Allen hosted Jackpot Bowling on NBC in 1959. He became host after Leo Durocher quit to return to coaching. Allen's lack of bowling knowledge made him an unpopular host,[4][5] and that April, Bud Palmer replaced him as the show's host.

Non-sports work

In the early 1960s, Allen hosted the three-hour Saturday morning segment of the weekend NBC Radio program Monitor. He also contributed sportscasts to the program until the late 1960s. Allen also provided voiceover narration for Fox Movietone newsreels for many years.

Fired by the Yankees

In 1964, the Yankees made the World Series for the 15th time in 19 years—but Allen wasn't there. Back in September, before the end of the season, the Yankees informed Allen that his contract with the team would not be renewed. In those days, the main announcers for the Series participants always called the World Series on NBC. Although Allen was thus technically eligible to call the Series, Baseball Commissioner Ford Frick honored the Yankees' request to have Phil Rizzuto join the Series crew instead. It was the first time Allen had missed a World Series for which the Yankees were eligible since 1943, and only the second World Series (not counting those missed during World War II) that he'd missed since he began calling baseball games in 1938.

On December 17, after much media speculation and many letters to the Yankees from fans disgruntled at Allen's absence from the Series, the Yankees issued a terse press release announcing Allen's firing; he was replaced by Joe Garagiola. NBC and Movietone dropped him soon afterward. To this day, the Yankees have never given an explanation for Allen's sudden firing, and rumors abounded. Depending on the rumor, Allen was either homosexual, an alcoholic, a drug addict, or had a nervous breakdown.[2] Allen's sexuality was sometimes a target in those more conservative days because he hadn't married (and never did).

Years later, Allen told author Curt Smith that the Yankees had fired him under pressure from the team's longtime sponsor, Ballantine Beer. According to Allen, he was fired as a cost-cutting move by Ballantine, which had been experiencing poor sales for years[2] (it would eventually be sold in 1969). Smith, in his book Voices of Summer, also indicated that the medications Allen took in order to maintain his busy schedule may have affected his on-air performance. (Stephen Borelli, another biographer, has also pointed out that Allen's heavy workload didn't allow him time to take care of his health.)

Allen became Merle Harmon's partner for Milwaukee Braves games in 1965, and worked Cleveland Indians games on television in 1968. But he would not commit to either team full-time, nor to the Oakland Athletics, who also wanted to hire him after the team's move from Kansas City. Despite the firing in 1964, Allen remained loyal to the Yankees for the remainder of his life, and to this day—years after his death—he is still popularly known as the "Voice of the Yankees."

Eventually, the Yankees allowed him to again perform as a speaker at special Yankee Stadium ceremonies, including Old Timers' Day, which Allen had originally handled when he was lead announcer. Though Yankees broadcaster Frank Messer (who joined the club in 1968) assumed the emcee's slot for Old Timers' Day and special events like Mickey Mantle Day from the 1960s onward, the Yankees made sure to also invite Allen to call the actual exhibition game between the Old Timers, and to take part in players' number-retirement ceremonies.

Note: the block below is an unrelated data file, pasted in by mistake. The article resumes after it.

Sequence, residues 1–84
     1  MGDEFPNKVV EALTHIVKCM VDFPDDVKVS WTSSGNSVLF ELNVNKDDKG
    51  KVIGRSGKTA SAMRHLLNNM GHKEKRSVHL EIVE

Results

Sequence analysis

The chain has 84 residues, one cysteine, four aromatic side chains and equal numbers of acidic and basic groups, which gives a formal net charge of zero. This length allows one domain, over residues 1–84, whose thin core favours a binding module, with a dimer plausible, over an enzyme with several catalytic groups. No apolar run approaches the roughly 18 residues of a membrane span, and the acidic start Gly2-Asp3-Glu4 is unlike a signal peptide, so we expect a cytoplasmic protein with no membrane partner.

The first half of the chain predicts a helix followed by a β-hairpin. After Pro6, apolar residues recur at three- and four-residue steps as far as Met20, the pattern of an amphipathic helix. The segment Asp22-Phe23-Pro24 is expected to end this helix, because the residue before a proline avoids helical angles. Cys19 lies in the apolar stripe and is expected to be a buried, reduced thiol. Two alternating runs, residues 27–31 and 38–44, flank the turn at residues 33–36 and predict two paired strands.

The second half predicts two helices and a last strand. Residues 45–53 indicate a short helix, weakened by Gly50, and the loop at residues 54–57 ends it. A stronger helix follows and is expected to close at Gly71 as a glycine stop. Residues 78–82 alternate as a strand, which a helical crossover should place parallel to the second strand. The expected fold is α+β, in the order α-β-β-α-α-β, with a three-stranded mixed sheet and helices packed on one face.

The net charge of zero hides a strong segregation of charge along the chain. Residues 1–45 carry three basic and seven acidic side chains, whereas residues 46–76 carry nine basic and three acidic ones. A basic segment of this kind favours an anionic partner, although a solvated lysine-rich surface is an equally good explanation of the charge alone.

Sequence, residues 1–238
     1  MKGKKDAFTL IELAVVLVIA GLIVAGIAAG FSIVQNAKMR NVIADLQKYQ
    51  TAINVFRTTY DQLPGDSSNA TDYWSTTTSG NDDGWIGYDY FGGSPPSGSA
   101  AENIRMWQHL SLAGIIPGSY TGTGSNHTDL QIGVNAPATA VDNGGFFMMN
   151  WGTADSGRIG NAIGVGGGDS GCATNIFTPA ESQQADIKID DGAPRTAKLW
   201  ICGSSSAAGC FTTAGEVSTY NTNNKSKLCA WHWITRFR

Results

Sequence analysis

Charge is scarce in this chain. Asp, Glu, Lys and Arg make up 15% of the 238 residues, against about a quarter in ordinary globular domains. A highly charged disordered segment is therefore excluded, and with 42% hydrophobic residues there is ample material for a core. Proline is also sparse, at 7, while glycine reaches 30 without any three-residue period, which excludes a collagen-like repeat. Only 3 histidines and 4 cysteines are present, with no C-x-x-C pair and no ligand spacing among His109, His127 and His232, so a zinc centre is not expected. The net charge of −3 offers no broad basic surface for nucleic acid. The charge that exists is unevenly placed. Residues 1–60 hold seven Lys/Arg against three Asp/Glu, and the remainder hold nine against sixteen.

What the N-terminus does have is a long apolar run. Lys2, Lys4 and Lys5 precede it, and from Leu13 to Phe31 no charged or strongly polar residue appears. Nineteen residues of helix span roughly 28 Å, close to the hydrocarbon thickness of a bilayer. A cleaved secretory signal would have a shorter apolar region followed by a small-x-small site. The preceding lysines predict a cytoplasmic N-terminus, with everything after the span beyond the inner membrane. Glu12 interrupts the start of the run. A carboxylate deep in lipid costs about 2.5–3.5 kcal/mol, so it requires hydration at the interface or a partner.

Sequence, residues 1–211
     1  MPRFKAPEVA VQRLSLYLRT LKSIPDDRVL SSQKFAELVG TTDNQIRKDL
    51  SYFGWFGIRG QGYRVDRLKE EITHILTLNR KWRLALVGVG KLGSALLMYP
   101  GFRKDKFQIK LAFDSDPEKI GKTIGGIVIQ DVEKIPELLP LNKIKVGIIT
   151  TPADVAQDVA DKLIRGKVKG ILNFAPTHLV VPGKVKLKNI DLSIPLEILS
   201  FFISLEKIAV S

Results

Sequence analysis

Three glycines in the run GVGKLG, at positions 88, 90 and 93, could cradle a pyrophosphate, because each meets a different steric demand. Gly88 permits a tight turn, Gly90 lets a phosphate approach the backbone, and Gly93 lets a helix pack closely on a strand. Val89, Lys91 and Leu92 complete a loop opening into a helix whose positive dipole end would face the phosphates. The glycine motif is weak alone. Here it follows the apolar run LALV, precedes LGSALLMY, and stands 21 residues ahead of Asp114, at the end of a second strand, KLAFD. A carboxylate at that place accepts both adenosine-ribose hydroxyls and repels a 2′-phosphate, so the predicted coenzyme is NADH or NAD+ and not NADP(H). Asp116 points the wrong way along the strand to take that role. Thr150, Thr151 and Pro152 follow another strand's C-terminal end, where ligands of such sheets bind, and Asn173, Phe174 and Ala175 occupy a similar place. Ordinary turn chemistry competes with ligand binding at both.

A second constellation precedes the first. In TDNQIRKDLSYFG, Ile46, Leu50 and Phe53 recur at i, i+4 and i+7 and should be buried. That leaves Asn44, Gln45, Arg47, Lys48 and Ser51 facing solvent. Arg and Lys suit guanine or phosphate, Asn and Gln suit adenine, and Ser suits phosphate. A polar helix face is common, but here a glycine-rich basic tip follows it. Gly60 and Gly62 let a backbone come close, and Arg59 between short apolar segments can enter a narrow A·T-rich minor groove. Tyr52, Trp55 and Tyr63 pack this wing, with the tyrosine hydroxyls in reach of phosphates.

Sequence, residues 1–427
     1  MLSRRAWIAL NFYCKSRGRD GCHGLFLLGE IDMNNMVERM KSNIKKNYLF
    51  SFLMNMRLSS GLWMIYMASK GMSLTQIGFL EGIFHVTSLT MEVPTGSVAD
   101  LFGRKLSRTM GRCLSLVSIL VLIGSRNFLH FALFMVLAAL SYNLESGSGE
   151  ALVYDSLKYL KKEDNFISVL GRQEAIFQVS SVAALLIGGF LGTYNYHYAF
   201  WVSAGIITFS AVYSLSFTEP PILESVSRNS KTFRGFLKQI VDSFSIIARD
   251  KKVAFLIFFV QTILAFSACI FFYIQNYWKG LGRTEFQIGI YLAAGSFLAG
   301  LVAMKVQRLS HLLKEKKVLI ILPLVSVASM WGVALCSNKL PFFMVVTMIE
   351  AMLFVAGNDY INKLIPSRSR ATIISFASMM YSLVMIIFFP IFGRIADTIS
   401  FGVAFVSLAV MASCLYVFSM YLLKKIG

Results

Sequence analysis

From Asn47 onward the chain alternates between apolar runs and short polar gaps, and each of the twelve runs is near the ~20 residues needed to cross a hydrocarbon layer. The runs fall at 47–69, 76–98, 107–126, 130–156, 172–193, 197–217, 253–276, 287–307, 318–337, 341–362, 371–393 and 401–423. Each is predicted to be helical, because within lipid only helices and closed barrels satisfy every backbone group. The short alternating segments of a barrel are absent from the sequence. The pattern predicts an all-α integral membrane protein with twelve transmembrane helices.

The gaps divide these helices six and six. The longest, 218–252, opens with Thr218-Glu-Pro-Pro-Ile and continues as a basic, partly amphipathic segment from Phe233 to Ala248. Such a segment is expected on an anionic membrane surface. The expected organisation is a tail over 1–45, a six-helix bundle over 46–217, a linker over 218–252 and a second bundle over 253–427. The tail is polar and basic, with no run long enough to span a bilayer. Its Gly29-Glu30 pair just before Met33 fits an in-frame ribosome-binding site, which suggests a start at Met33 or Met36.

Return to the Yankees

Allen was brought back to the Yankees' on-air team in 1976 as a pre/post-game host for the cable telecasts with John Sterling, and also started calling play-by-play again. He announced Yankees cable telecasts on SportsChannel New York (now MSG Plus) with Phil Rizzuto, Bill White, Frank Messer, and occasionally, Fran Healy.

Allen remained with the Yankees' play-by-play crew until 1985 and made occasional appearances on Yankee telecasts and commercials into the late 1980s. In 1990, Allen called play-by-play for a WPIX Yankees game to officially make him baseball's first seven-decade announcer. Among the memorable moments Allen called in his latter stretch were Yankee outfielder Reggie Jackson's 400th home run in 1980, and Yankee pitcher Dave Righetti's no-hitter on July 4, 1983.

This Week in Baseball

In his later years, Allen was exposed to a new audience as the host of the syndicated highlights show This Week in Baseball, which he hosted from its inception in 1977 until his death. When FOX relaunched TWIB in 2000 (after a one-year hiatus), it used a claymation version of Allen to open and close the show until 2002.

Computer games

Mel Allen reached another generation of fans in 1994 when he recorded the play-by-play for two computer baseball games, Tony La Russa Baseball and Old Time Baseball, which were published by Stormfront Studios. The games included his signature "How about that?!" home run call. Allen also used that catch phrase during his cameo appearances in the films The Naked Gun (1988) and Needful Things (1993).

Although he completed the work only about a year before his death, producer Don Daglow said in a 1995 interview with Computer Gaming World that

Allen was a dream to work with. If something sounded the least bit off, he caught it himself and self-corrected before you even had a chance to ask for another take. Sometimes he'd hear a problem live that we would only have noticed later. When he was reading the long list of numbers that would be spliced into sentences to announce batting averages and so on, he stopped suddenly and said, 'That's not good.' Then he started again and finished the list. When we checked the tape we heard that he had just started to get a sing-song rhythm from repeating too many numbers in a row, and he'd noticed before anyone else had.

Awards

The National Sportscasters and Sportswriters Association inducted Allen into its Hall of Fame in 1972. In 1978, he was one of the first two winners of the Baseball Hall of Fame's Ford C. Frick Award for broadcasting. (The other was his old colleague Red Barber, who for some time served alongside Allen as the Yankees' announcer after making his name with the Brooklyn Dodgers.) In 1985, Allen was inducted into the American Sportscasters Association Hall of Fame along with the Voice of the Red Sox Curt Gowdy and Chicago legend Jack Brickhouse. Allen was inducted into the National Radio Hall of Fame in 1988.

Death and legacy

Allen died on June 16, 1996 of heart failure (he had had open-heart surgery in 1989) at the age of 83. He was buried at Temple Beth El Cemetery in Stamford, Connecticut. On July 25, 1998, the Yankees dedicated a plaque in his memory for Monument Park at Yankee Stadium. The plaque calls him "A Yankee institution, a national treasure" and includes his much-spoken line, "How about that?"

References

External links

Preceded by
None
Ford C. Frick Award
1978
Succeeded by
Bob Elson